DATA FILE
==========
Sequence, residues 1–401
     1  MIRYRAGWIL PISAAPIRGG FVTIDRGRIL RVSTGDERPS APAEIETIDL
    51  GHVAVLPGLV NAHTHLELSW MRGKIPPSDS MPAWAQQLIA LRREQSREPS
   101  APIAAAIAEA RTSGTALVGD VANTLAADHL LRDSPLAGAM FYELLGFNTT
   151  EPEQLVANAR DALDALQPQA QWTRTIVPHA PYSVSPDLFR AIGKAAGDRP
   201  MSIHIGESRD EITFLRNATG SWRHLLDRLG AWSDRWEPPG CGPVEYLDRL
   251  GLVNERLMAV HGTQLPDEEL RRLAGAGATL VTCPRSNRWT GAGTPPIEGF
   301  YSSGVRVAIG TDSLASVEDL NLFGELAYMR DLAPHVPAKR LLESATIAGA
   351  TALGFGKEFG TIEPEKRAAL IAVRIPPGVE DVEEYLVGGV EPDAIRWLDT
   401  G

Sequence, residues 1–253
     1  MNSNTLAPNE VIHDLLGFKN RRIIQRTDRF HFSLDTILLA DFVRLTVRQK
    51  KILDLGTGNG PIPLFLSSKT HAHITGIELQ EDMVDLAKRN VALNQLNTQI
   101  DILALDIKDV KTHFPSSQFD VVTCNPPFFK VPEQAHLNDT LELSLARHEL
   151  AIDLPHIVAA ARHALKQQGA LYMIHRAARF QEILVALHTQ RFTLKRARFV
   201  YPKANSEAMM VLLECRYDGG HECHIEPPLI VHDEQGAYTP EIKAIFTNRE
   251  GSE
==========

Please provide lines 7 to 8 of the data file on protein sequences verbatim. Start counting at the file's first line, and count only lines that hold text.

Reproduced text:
   251  GLVNERLMAV HGTQLPDEEL RRLAGAGATL VTCPRSNRWT GAGTPPIEGF
   301  YSSGVRVAIG TDSLASVEDL NLFGELAYMR DLAPHVPAKR LLESATIAGA